The ecstasy at the end of the dive was not so much at what we saw, but at the fact that we had confronted our worst fears and survived. The underwater serenade had only just begun. Soon we were gliding across the face of undersea mountains and cliffs and thrilling to the sight of exotic fish in colourful coral gardens. We witnessed the waltz of the stingrays and sharks; examined giant clams with lips painted in startling colours and swam with enormous schools of fish that showered the waters like fluorescent confetti.

Yet, before every dive — even after logging over 50 underwater sorties — there is that moment of gut-wrenching anxiety that melts as one enters an aqua wonder-world that is nothing short of an altar of creation.

Taking it easy

Not all adventure has to be extreme. Trekking, for instance, is an excellent way of getting close to nature and is something that almost anyone can do as there are easy-to-difficult trails almost everywhere. Sadly, one of the finest trekking regions in India — the higher reaches of Uttarakhand that include the Char Dhams of Yamunotri, Gangotri, Kedarnath and Badrinath as well as the amazing Valley of Flowers and Hemkund Sahib — suffered unprecedented disaster under the deluge of a cloud burst this year.

The one truly memorable outing we had was the snow trek at Gemmi Pass that lies above the hot springs spa resort town of Leukerbad, Switzerland. Here we donned snow shoes with flexible spiked soles and carried a stick in each hand to support ourselves and headed out into the vast alpine snowfields wedged between craggy mountains. The crunching of snow and ice underfoot added voice to the sounds of silence around us. We topped off the adventure with a leisurely stroll across a frozen lake and then sledged down the tamer slopes, hooting and laughing with delight.

Laughter tinged with fear was the theme when we went river rafting down the Indus, as she sliced through a bleak mountainous landscape of Ladakh. The river swept us off on a rollicking ride, torpedoing us down raging rapids as we paddled hard to keep our bucking rubber dingy on an even kneel. Between rapids the river showed us her gentler side. It was time to relax and appreciate the desolate beauty of the landscape as we floated down a liquid avenue lined with craggy, snow-streaked mountain peaks clawing at a deep blue sky. And then we heard the rumbling of angry rapids further downstream and steeled ourselves to do battle with the swirling white water once more. Flirting with danger had become addictive.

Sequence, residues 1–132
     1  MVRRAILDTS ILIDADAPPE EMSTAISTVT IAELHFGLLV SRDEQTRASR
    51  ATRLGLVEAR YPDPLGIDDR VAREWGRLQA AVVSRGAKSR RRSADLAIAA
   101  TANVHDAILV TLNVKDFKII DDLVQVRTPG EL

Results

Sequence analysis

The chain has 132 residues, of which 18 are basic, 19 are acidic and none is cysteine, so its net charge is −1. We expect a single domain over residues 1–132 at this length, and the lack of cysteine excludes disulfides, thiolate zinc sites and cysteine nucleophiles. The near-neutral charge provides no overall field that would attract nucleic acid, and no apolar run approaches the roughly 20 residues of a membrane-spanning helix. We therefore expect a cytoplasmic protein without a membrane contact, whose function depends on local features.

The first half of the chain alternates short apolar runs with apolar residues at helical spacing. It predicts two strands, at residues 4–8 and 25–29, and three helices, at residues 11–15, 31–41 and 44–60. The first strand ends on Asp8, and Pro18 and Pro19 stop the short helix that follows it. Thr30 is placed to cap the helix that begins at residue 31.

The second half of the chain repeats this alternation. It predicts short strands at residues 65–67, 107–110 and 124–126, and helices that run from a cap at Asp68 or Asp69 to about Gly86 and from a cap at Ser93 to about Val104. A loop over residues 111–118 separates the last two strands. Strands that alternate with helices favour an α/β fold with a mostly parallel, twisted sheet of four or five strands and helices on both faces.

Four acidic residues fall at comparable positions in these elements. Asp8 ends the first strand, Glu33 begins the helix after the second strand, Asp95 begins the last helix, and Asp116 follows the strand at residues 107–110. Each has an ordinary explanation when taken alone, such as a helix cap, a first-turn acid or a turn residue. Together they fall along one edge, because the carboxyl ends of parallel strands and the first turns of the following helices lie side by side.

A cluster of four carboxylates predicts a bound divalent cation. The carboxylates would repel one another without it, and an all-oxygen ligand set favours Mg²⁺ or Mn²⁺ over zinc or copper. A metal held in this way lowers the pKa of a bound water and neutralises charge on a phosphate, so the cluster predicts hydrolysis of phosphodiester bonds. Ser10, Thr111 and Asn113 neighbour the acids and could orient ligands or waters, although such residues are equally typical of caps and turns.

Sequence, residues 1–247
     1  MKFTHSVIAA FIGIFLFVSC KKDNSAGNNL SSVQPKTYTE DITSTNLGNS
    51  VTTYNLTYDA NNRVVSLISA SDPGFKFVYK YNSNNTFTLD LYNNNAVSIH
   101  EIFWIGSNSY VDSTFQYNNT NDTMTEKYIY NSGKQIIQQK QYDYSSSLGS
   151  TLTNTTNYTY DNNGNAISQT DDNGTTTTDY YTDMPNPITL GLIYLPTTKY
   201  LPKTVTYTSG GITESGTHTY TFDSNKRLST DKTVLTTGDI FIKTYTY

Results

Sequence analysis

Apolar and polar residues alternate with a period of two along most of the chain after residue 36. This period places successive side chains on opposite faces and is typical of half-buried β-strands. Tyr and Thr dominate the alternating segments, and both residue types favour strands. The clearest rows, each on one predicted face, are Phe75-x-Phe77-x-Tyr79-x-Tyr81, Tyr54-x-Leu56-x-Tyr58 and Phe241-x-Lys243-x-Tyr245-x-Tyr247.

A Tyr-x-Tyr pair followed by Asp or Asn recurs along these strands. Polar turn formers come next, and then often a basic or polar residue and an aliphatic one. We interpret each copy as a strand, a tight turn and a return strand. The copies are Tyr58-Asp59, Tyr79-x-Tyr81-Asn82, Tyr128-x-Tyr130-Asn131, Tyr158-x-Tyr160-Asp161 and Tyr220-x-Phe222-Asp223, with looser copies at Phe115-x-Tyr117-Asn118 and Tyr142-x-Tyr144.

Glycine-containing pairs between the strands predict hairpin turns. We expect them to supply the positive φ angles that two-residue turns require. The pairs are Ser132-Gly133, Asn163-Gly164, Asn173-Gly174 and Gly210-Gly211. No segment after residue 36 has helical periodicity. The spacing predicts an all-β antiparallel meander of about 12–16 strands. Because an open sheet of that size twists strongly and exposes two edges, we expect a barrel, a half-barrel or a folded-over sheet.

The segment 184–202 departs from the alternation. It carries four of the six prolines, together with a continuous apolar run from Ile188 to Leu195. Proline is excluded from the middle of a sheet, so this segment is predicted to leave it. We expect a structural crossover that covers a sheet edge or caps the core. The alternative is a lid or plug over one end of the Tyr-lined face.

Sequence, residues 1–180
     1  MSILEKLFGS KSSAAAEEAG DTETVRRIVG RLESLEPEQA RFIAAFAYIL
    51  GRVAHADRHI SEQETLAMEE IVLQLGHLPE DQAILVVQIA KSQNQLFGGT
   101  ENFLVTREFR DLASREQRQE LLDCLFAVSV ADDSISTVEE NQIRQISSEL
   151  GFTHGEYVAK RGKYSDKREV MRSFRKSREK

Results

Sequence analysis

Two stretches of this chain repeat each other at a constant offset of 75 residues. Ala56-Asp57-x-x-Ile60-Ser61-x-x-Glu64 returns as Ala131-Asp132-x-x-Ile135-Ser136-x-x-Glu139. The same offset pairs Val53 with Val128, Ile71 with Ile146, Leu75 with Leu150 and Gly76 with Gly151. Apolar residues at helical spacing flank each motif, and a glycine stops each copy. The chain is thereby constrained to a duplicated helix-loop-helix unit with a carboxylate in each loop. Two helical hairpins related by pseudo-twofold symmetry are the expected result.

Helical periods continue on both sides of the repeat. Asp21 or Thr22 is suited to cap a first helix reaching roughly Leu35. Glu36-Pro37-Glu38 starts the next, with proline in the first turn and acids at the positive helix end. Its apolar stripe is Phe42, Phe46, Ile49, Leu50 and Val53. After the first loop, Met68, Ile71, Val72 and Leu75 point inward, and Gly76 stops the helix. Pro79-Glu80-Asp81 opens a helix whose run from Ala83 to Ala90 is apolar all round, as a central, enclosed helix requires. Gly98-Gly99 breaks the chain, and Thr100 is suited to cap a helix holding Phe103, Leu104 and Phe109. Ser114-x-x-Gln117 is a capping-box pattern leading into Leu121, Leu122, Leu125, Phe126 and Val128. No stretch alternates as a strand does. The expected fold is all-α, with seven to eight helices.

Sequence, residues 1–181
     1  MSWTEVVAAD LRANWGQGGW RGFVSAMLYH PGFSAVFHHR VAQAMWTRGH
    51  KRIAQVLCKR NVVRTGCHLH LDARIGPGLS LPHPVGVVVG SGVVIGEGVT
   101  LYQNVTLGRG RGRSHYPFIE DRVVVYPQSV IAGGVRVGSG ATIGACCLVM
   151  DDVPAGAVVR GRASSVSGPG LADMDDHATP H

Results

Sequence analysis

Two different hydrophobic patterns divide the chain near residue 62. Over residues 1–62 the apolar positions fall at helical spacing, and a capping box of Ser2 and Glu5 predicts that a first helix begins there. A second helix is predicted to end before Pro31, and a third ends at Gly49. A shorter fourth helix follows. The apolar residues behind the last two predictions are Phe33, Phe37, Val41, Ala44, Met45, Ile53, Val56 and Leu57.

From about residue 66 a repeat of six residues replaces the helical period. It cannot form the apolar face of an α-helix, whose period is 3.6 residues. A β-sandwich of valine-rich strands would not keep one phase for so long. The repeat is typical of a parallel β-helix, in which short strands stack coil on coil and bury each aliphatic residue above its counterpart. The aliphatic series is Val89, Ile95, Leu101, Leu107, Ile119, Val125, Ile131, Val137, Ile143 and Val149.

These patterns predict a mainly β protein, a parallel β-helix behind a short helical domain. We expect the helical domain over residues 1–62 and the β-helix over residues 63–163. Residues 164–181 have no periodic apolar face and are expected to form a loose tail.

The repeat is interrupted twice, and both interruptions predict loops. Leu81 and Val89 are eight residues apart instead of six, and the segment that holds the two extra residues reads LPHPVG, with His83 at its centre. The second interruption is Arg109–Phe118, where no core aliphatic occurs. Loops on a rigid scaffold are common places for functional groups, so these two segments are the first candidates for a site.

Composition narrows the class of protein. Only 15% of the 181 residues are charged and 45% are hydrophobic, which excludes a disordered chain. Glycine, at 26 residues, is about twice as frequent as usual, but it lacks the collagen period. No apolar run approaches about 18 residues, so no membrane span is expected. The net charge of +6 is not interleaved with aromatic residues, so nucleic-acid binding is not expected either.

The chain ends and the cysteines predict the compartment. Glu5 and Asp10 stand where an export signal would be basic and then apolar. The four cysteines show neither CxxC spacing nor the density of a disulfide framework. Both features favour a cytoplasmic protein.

Adventure is out there and no matter what avatar it takes it is the pinch of spice that can make an ordinary vacation a memorable one. Kayaking down the fjords (Milford and Doubtful Sounds) of New Zealand or rivers that snake through the Alaskan wilderness; quad biking on off-trail terrain in the vast outback of Australia; exploring stalactite and stalagmite caves in South Africa.

Which reminds us of the time at Mawsmai, Meghalaya, in the Northeastern reaches of India when, in a moment of bravado, we declared that we wanted to go caving. And so we found ourselves on all fours and crawling through narrow caverns with the spotlight on our helmets lighting the path in front of us. We ducked under a row of jagged rocks that clawed at us; scaled up subterranean cliffs; slithered through narrow openings, our bodies forming S-curves as we pulled and pushed up with our hands, knees and feet... Suddenly, we were on a ledge looking down into a large cavern, its walls draped with curtains of stalactite and stalagmite formations. In silence, we admired the displays in the art gallery, tucked deep inside the bowels of the earth: it was as though nature was rewarding us for our effort.

One sport that defeated us was surfing. “The important thing to remember here is that you’ve got to enjoy the elements; harness them and let them work for you. Don’t challenge the sea; it is way too powerful to conquer…” Helen, our surfing instructor, briefed us as we sat on one of the 42 beaches along the Gold Coast of Australia. We looked out at the endless surge of silver-crested waves rushing towards the shore and, suddenly, the once inviting waters of the Pacific Ocean looked very menacing. Surely, we were crazy to think that we could learn how to surf!

Nevertheless, we went through the motions as Helen put us through the paces by the waterfront. We practiced standing up on the board, one foot in front of the other with the stronger leg behind and arms spread out like a Bharatnatyam dancer. Easy! We paddled out across the water and tried to replicate what we had done on dry land. Splash! Splash! Splash! After three sorry attempts, we conceded defeat.
Surfing was not for us. Oh, well… you can’t win them all.